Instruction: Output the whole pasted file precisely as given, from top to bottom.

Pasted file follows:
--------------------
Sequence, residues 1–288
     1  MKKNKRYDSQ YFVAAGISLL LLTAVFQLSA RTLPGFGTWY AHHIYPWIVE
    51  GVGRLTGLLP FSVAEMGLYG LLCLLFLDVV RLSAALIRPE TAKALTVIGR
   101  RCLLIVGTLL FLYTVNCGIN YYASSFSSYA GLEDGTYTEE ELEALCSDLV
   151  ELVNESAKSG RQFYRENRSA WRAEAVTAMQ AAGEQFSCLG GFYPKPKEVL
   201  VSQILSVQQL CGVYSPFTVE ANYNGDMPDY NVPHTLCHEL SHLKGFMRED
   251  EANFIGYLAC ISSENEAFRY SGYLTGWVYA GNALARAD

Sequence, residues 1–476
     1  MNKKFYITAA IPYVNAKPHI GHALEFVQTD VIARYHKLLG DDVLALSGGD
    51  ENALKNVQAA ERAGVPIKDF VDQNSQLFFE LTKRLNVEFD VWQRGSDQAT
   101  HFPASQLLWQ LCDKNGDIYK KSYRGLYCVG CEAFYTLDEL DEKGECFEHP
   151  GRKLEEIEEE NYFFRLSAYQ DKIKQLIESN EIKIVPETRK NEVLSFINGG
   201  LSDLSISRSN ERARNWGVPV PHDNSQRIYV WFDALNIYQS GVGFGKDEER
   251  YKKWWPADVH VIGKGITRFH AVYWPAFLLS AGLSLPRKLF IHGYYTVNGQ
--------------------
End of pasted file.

Sequence, residues 1–288
     1  MKKNKRYDSQ YFVAAGISLL LLTAVFQLSA RTLPGFGTWY AHHIYPWIVE
    51  GVGRLTGLLP FSVAEMGLYG LLCLLFLDVV RLSAALIRPE TAKALTVIGR
   101  RCLLIVGTLL FLYTVNCGIN YYASSFSSYA GLEDGTYTEE ELEALCSDLV
   151  ELVNESAKSG RQFYRENRSA WRAEAVTAMQ AAGEQFSCLG GFYPKPKEVL
   201  VSQILSVQQL CGVYSPFTVE ANYNGDMPDY NVPHTLCHEL SHLKGFMRED
   251  EANFIGYLAC ISSENEAFRY SGYLTGWVYA GNALARAD

Sequence, residues 1–476
     1  MNKKFYITAA IPYVNAKPHI GHALEFVQTD VIARYHKLLG DDVLALSGGD
    51  ENALKNVQAA ERAGVPIKDF VDQNSQLFFE LTKRLNVEFD VWQRGSDQAT
   101  HFPASQLLWQ LCDKNGDIYK KSYRGLYCVG CEAFYTLDEL DEKGECFEHP
   151  GRKLEEIEEE NYFFRLSAYQ DKIKQLIESN EIKIVPETRK NEVLSFINGG
   201  LSDLSISRSN ERARNWGVPV PHDNSQRIYV WFDALNIYQS GVGFGKDEER
   251  YKKWWPADVH VIGKGITRFH AVYWPAFLLS AGLSLPRKLF IHGYYTVNGQ